01/12/01

The National Science Foundation has awarded $2.5 million to the National Laboratory for Applied Network Research (NLANR) to continue technical, engineering, and traffic analysis support to the high-performance networking and applications communities. This extends by one year NLANR’s original three-year cooperative agreement to provide networking support to universities and institutions connected to the nation’s high-performance backbone networks.

“Since being formed in 1997, NLANR has excelled at developing tools, providing training, supporting individual applications and offering network-usage information to researchers in computer science and scientific computing,” said Thomas Greene, NSF senior program director in the Advanced Networking Infrastructure program. “These activities contribute to what is becoming known as Cyber-Infrastructure, which incorporates more varied resources than just connectivity or computational power. NSF is pleased to support this and similar projects of such quality and focus.”

NLANR was initially created to provide network engineering support for the vBNS connections at the five original NSF-funded supercomputing centers. The group has evolved into three teams that provide a range of support and services to the broad high-performance networking and applications community.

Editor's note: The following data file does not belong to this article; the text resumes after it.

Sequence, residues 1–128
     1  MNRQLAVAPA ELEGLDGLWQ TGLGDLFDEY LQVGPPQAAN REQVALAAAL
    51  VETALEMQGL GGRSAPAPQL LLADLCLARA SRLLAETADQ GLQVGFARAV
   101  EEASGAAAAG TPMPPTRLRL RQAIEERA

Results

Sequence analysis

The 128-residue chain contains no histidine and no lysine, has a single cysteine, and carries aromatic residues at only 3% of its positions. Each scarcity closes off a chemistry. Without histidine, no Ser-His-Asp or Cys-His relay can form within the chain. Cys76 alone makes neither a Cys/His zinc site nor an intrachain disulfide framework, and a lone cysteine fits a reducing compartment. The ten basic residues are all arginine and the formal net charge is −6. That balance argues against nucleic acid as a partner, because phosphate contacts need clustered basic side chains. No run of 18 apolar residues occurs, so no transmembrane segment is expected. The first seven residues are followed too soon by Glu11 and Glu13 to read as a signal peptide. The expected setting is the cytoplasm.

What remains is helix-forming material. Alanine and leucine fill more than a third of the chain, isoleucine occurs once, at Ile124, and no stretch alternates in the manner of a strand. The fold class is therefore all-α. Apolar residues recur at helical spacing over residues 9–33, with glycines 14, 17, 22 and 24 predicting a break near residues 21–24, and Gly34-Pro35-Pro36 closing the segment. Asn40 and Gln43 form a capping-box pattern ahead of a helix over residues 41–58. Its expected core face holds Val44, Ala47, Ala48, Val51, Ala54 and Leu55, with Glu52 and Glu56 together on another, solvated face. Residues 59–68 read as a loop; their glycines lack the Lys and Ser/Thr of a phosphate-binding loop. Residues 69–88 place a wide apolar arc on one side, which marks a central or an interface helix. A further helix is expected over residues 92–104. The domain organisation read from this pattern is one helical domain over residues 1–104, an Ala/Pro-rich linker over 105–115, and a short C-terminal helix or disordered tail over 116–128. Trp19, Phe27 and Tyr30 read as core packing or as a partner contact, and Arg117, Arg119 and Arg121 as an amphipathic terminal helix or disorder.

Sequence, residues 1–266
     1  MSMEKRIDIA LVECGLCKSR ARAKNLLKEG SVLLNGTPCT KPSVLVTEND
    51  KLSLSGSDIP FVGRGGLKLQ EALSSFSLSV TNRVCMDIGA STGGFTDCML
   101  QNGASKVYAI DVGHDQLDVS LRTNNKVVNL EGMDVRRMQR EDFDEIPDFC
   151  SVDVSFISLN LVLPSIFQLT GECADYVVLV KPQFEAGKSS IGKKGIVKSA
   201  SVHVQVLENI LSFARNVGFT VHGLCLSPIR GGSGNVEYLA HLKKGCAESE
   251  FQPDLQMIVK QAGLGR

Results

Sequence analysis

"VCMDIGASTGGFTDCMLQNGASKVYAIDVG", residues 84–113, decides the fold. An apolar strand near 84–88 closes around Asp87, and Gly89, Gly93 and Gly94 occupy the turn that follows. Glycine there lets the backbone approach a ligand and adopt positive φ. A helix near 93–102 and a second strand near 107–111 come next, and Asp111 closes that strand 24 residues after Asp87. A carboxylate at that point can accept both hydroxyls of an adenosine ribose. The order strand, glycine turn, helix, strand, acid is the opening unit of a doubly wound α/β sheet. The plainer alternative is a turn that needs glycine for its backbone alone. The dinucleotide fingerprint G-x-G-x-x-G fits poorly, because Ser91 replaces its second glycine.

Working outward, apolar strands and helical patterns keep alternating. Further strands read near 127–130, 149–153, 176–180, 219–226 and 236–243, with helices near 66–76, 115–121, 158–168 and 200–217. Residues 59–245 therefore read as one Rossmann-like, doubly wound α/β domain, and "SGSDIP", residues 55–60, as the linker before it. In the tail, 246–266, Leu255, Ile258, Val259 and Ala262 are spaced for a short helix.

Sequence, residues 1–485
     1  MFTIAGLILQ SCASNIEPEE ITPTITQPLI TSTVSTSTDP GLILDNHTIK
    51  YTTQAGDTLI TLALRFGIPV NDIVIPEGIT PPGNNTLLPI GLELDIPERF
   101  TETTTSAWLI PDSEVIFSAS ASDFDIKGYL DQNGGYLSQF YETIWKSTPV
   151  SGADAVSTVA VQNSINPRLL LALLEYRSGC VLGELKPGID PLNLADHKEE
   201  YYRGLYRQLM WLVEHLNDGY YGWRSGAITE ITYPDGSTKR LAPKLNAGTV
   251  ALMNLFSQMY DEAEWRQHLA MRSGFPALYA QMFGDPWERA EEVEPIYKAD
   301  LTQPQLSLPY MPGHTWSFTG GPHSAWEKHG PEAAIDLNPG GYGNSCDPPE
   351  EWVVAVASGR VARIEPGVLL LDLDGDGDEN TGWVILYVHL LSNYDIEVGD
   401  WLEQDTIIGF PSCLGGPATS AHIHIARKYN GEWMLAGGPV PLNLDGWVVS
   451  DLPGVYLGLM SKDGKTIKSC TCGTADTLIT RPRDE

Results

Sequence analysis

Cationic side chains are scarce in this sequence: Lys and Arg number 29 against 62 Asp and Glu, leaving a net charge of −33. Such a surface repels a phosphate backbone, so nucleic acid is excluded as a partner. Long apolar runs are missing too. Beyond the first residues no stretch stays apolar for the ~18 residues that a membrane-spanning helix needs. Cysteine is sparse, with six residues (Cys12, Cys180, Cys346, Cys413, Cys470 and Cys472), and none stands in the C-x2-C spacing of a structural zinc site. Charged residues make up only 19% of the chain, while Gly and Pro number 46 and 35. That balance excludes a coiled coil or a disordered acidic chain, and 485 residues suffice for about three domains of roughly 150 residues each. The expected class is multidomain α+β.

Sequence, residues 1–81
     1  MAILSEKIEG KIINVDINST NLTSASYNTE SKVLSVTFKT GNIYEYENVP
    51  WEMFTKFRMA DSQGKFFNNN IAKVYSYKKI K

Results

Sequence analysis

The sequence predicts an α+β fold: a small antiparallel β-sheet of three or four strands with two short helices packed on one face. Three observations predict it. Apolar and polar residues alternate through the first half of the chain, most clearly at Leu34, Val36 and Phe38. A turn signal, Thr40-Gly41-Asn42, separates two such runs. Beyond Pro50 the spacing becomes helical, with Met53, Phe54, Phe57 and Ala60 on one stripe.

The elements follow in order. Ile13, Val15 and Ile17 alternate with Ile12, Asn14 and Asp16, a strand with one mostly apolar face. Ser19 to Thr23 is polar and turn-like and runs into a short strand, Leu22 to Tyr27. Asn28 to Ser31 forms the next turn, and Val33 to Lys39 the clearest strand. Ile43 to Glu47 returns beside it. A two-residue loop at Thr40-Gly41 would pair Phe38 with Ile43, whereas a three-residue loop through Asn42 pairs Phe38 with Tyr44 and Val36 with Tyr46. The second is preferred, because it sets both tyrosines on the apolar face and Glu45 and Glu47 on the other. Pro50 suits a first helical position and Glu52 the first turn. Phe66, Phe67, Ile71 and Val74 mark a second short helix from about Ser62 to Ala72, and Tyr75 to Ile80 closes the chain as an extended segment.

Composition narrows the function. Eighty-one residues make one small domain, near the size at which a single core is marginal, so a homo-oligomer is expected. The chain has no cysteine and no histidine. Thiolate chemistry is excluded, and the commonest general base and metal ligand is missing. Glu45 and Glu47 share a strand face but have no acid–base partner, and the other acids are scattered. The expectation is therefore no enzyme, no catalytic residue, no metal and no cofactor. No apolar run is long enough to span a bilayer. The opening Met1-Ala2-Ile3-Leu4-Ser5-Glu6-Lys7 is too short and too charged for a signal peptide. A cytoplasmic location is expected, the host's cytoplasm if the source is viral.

During the past three years, NLANR has focused on assisting the more than 170 NSF-funded High-Performance Connections Sites in connecting to and using the high-performance research network backbones, services, and technologies. It has developed software tools to assist scientific users and network administrators, and has developed a network analysis infrastructure to help keep the networks running smoothly and efficiently. NLANR staff work with individual researchers and staff at small-to mid-sized campuses and at commercial vendor and service providers resulting in a broader impact on the networking and application communities.

The award, which will be divided between the three program teams, is an amendment to the primary award made in 1997. The three NLANR program areas are:

*The Distributed Applications Support team at the National Center for Supercomputing Applications at the University of Illinois at Urbana-Champaign. This team helps researchers who use resources interconnected by high performance networks maximize the performance of their distributed applications and solve networking problems. The team has worked closely with a number of research groups on applications ranging from the computationally intensive, to distributed data mining and shared multimedia collaborative environments. Staff have also given training sessions around the country and demonstrated NLANR-developed tools such as Iperf, Netlog, and Viznet. Over the next year, the distributed applications support team will continue in an enabling support role and work on advancing the development of tools useful to both the applications developers and network engineering communities.